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aanai pandigai / kAttikai deepotsavam

mani_at_alum.calberkeley.org
Date: Fri Nov 30 2001 - 12:05:24 PST

Dear Friends,

I would like to wish all of you a joyous kArttikai deepotsavam.
On this full moon day, when the kRttikA nakshatra is present,
we observe a second festival of lights to celebrate the supreme
Light who resides resplendently within our heart.  The Vedanta
describes His effulgence as the 'param-jyOti' (supreme Light),
'jyotishAm jyOti' (Light of lights), the Original Light of whom
the lights of the sun and moon are mere reflections.  

This Supreme Light shines within all of us -- 
  'antar-jyOtir ameyam ekam amRtam kRshNAkhyam ... param-aushadham'  
  (That boundless, immortal, unique effulgence known as Krishna 
   shines within --    
   drink that divine medicine which bestows complete liberation) 
   declares the author of the Mukunda Mala.
  
  'antar-jyOtiH kimapi yaminAm' --  
  (The indescribable inner effulgence perceived by the yogins) --
  exclaims Sri Vedanta Desika in amazement.

So celebrated by the ancient seers, this Blissful, Boundless
Light present within is celebrated externally today.  This day
has such a profound significance that it stands alongside
SrI jayantI, SrI rAma navamI, and SrI narasimha jayantI and
the month of mArgazhi as one of those few days when a 'visesha-
ArAdhanam' (special worship) is traditionally performed.

In some regions, particulary Karnataka, the kArttikai deepotsava
is also known as 'Anai paNDigai' ("Elephant Festival", or Anai 
habba in Kannada). This is to celebrate the avatAra of Gaja Lakshmi.  
On the day she took form, the celestial divine elephants performed a
tirumanjanam (ceremonial bath) for her. We therefore remember her
today.  There are also some other elephant-related stories that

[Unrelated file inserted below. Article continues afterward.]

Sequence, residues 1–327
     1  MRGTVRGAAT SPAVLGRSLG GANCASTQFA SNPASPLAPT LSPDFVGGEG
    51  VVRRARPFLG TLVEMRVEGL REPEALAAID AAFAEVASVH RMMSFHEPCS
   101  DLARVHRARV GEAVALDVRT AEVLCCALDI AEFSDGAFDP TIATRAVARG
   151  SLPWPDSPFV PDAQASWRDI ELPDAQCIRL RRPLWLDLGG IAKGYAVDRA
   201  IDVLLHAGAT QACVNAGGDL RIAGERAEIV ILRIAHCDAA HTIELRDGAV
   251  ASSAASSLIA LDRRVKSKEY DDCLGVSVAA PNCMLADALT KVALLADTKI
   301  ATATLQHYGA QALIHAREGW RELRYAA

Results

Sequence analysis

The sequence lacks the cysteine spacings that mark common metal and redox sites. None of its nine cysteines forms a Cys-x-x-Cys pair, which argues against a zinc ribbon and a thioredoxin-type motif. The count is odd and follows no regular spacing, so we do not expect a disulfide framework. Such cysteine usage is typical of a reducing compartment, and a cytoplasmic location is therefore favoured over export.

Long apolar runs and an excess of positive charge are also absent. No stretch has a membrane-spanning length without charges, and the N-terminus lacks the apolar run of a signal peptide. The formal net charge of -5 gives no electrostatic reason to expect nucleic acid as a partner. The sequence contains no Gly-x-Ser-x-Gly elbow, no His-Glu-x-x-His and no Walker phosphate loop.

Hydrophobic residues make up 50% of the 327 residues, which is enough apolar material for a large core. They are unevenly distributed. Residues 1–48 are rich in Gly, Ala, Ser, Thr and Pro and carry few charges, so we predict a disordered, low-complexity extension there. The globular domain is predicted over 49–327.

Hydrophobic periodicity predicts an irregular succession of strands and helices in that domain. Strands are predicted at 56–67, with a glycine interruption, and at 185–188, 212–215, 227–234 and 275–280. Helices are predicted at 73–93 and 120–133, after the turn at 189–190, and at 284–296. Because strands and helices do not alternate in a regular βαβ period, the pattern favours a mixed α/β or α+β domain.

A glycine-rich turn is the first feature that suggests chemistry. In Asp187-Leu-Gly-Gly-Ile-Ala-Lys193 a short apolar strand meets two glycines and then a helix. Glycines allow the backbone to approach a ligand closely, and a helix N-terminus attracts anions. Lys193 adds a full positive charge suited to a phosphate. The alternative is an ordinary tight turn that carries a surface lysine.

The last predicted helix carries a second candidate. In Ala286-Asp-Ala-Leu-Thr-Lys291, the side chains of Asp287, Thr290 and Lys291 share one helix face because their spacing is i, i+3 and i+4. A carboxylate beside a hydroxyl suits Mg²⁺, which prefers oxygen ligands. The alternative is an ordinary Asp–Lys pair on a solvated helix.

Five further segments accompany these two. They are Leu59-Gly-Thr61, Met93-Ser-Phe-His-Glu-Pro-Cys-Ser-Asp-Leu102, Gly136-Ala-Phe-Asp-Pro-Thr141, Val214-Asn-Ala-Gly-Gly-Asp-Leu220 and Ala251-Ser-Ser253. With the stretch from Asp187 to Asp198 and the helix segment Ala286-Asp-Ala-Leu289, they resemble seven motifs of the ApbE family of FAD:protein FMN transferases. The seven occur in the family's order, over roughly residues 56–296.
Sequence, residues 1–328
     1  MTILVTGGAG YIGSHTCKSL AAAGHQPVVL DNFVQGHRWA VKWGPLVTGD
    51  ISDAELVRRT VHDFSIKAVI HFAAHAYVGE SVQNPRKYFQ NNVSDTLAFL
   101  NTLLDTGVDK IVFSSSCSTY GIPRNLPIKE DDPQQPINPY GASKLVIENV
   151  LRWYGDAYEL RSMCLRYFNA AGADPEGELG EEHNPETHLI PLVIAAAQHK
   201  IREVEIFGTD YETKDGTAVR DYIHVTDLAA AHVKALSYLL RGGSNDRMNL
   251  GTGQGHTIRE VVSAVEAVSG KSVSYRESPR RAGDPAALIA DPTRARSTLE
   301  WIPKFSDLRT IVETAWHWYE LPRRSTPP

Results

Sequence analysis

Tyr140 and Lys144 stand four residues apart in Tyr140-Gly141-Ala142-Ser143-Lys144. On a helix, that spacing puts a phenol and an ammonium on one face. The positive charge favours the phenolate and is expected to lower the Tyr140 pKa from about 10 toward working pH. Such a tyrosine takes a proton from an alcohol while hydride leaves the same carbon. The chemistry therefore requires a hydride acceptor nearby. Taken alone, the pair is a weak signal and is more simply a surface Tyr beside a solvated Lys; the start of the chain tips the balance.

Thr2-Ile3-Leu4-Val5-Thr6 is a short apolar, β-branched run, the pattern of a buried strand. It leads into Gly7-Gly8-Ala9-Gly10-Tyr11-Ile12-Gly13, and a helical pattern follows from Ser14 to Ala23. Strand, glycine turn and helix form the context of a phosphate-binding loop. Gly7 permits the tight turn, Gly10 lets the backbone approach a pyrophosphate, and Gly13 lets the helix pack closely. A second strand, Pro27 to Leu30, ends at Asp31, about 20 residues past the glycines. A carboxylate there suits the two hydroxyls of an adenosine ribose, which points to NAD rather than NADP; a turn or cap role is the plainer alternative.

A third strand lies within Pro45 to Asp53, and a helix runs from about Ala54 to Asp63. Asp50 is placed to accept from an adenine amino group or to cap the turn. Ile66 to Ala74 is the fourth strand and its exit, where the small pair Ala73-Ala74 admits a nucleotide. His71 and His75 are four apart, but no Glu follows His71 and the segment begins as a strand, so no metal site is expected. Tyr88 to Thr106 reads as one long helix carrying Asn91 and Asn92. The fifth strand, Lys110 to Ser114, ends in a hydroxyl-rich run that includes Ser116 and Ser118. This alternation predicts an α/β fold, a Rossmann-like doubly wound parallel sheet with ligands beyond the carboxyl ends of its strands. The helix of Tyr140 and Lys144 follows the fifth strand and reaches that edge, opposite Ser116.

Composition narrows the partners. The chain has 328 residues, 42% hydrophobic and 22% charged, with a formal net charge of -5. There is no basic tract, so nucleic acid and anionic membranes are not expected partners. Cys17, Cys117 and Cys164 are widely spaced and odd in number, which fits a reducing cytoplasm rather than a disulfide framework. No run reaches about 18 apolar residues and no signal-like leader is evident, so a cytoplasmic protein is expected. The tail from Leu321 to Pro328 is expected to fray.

are mentioned in this context, and I invite other members to share
what they know.

What follows is a brief description of how the kArttikai deepotsava
and Anai paNDigai are celebrated in my family.  The pUja for Gaja
Lakshmi is conducted in the morning and the Deepa for Vishnu is
celebrated in the evening.  In the morning, you take two elephant 
sculptures -- traditionally the elephants were made out of clay
specially for this occasion -- and place them alongside an idol
of (Gaja) Lakshmi and Narayana.  Decorate them with flowers,
thirumaN, etc. You can offer some whatever sweets or delicacies 
have been prepared to Lakshmi-Narayana along with the elephants. 
On the morning of the next day (some do it on the third day), some 
thayir-sAdam (yogurt rice) is tied to their tummies and sealed with 
a leaf (you can stuff the elephants with them if they are made of 
clay).  The clay elephants are then immersed in a river or tank
(visarjana).

On the evening of kArttikai, the deepotsava is celebrated.
There are many details which vary from family to family and
tradition to tradition, but generally the following is observed.
The first deepam (oil lamp) lit is the paramAtman Vishnu Himself.
You should light a lamp thinking of Him, and then that lamp should
be used to light lamps everywhere inside the house, in the backyard,
everywhere.  Lamps should also be lit on the threshold of the house,
traditionally with clay lamps. All lights in the house should be on 
for some time that evening. I am told that my grandfather was very 
particular about this -- Light, Light, Light everywhere -- there 
should be no darkness.

Then ArAdhanam is performed and stotras, particularly Sri
Vishnu Sahasranamam are recited, and during the mangaLArati
a small piece of cotton cloth is soaked in ney (ghee) and
is lit in front of the Lord.  You can wind the cloth on a stick
and unroll it as it burns.  The ash is worn as "raksha".

I request other members to share their memories of this festival.

May we all seek to know that Effulgent Light resident within
our hearts!

aDiyEn rAmAnuja dAsan
Mani




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